Historically, the vigil involves several elements. Inthe monasteries, the chanting of the Psalms wasconsidered of prime importance. By contrast, the 'sungservice' developed in major historically importantcentres. The services involved not only singing andreading but also the Eucharist. Furthermore, theyincluded the agape, or meal of love. It is known thatfrom very early on Christ, the light of the world, wasrepresented in the vigil with a lighted candle or an oillamp; in the liturgical diurnal rhythm, the sunrise wastaken to symbolize Christ.
Ecclesiastical poetry is often in the present tense,highlighting the actuality of the events and theimportance of participation. In the offices of themonasteries, vigils were prescribed for the night beforeSunday; in Byzantine monasteries, agrypnia serviceswere held before various feasts and before Sundays;they involved solemn singing.
According to ecclesiastical practice, the day beginsin the evening. The vigil is divided into the eveningservice (Ninth Hour, Vespers and Compline) and themorning service (Nocturns, Matins and First Hour). Thelitany and the blessing of the host could also beincluded. In major cathedrals outside the monasteries, itbecame the custom to include all this in the servicebefore a Sunday or, in the case of a feast, the nightbefore the feast day.
The Saturday all-night vigil became popular inRussia. It prepared for the liturgy and Eucharist of thefollowing day. The vigil as celebrated in Russiancathedrals in the twentieth century had two forms: theResurrection Vigil and the Festal Vigil. Rachmaninov'ssetting follows the order of the Resurrection Vigil.
The liturgy includes numerous unchanging parts(ordinaries) but also many parts that change from oneSunday to the next (propers). In musical terms, the latteris an older layer governed by rospev melodies and theuse of the eight-tone system. Rachmaninov focused onthe ordinaries, with the exception of the ResurrectionTroparies $-%. It would have been a daunting task toundertake the setting of all the propers, since this wouldhave involved setting all the weekly texts in eightdifferent ways, according to the eight-tone practice.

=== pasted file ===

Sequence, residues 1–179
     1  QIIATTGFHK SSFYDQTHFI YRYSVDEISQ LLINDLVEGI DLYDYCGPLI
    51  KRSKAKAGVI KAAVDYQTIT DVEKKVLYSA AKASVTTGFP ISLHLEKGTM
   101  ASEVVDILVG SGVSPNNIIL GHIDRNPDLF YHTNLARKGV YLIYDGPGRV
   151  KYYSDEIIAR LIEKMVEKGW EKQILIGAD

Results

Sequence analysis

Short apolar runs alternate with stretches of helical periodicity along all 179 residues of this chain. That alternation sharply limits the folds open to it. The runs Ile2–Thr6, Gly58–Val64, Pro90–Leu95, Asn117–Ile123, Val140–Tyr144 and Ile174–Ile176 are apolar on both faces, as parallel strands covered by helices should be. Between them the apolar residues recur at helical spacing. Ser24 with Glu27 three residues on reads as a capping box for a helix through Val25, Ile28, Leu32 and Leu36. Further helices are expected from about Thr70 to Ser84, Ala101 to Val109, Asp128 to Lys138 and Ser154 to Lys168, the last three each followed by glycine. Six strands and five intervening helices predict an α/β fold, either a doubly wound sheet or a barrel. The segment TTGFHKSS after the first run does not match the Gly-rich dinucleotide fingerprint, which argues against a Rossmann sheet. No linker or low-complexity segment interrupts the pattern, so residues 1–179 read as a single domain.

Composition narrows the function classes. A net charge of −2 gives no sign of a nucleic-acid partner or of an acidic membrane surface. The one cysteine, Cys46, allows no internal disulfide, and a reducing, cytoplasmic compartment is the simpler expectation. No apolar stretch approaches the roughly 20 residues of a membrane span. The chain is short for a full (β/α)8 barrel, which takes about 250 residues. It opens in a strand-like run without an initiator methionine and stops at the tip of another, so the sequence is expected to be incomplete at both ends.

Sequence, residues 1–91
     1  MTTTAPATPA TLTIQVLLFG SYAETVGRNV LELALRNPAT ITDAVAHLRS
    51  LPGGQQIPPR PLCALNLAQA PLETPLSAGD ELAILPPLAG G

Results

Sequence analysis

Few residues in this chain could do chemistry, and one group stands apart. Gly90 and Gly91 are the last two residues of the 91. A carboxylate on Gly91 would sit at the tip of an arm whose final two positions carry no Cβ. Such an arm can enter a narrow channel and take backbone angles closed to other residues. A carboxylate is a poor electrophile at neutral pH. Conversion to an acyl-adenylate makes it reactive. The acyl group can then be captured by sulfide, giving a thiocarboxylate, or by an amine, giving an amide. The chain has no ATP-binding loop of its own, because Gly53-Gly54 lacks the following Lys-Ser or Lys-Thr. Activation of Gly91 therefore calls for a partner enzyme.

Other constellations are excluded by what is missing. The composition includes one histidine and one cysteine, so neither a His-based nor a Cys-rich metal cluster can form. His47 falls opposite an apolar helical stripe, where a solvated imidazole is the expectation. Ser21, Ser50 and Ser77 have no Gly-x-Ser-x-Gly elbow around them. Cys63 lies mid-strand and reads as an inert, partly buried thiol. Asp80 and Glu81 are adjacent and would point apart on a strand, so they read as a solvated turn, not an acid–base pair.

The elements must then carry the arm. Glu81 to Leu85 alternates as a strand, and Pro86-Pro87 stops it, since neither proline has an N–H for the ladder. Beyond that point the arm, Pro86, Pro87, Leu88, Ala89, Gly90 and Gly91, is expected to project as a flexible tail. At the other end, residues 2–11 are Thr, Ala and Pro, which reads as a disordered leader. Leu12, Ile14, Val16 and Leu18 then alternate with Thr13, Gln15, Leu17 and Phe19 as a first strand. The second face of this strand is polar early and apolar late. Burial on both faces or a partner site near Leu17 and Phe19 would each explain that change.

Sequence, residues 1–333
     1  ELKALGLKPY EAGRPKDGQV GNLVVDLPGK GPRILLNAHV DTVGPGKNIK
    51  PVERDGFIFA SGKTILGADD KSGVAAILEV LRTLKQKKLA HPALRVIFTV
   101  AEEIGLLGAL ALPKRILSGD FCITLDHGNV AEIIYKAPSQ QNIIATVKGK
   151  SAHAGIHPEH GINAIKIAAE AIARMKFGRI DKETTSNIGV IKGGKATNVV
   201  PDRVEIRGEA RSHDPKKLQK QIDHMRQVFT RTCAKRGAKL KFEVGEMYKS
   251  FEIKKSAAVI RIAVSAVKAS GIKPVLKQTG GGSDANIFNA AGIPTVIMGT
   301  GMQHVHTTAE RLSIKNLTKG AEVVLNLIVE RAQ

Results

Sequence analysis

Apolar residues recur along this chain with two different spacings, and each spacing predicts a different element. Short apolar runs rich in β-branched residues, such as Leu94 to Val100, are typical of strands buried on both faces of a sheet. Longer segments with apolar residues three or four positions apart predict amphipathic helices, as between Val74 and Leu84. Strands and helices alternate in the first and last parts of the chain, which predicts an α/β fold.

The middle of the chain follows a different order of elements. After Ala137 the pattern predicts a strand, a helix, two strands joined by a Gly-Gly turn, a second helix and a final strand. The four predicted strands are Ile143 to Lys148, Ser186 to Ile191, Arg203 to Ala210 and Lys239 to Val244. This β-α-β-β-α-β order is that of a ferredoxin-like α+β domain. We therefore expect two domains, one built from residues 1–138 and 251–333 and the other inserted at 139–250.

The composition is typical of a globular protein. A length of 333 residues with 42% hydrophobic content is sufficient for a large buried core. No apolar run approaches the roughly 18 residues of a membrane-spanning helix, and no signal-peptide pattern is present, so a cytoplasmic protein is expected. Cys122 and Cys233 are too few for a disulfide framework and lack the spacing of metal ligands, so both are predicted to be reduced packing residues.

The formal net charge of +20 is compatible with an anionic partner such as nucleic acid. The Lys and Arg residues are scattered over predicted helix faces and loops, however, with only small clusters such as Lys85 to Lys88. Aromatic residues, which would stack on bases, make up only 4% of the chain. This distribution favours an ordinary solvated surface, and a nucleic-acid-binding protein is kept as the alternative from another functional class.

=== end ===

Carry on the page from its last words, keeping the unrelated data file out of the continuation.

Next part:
The content of the vigil is extremely profound. Thenarrative in the evening service begins with the creationof the world, the Fall of Man and the expectation of theSaviour. The morning service on Sunday focuses onChrist's Resurrection.
At the beginning of the service, the officiating priestopens the middle or Royal Door of the iconostasis fromthe altar side and waves a censer of incense over thealtar room. After a solemn opening benediction comes afourfold invitation to fall down before the Almighty 1.
The repetition invokes the four corners of the world, thefour points of the compass. Immediately following this,the choir sings portions of the creation psalm 2. Duringthis, the priest waves the censer around the church,symbolizing the time before the Fall. The Royal Door isthen closed, marking the closing of the door to Paradise.
But there is hope for Man, as the psalm says 3. Thehigh point of the evening service is the evening hymn 4,one of the oldest preserved Christian poems. It ispreceded by a procession with lit candles. It highlightsGod's mercy towards fallen Man; the light representsChrist, the light of the world, which is the theme of thepoem too. In the ancient order of offices, this hymn wasto be sung at sunset in the evening. The Canticle ofSimeon 5 comes directly from the New Testament, asdoes the angel's greeting to the Virgin Mary 6.
The morning service is about Christ's entry into theworld and the Resurrection. The service begins with anangelic hymn 7 preceding the reading of theHexapsalm. A Russian service book comments that theangels sang this hymn before dawn and that it includesthe psalm verse "O Lord, thou shalt open my lips, andmy mouth shall declare thy praise" so that men mightlearn to sing like angels. The angelic hymn is repeatedin the opening of the